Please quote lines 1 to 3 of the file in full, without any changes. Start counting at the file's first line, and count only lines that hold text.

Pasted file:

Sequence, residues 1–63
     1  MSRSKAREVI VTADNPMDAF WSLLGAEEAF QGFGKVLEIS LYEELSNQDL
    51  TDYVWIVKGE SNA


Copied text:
Sequence, residues 1–63
     1  MSRSKAREVI VTADNPMDAF WSLLGAEEAF QGFGKVLEIS LYEELSNQDL
    51  TDYVWIVKGE SNA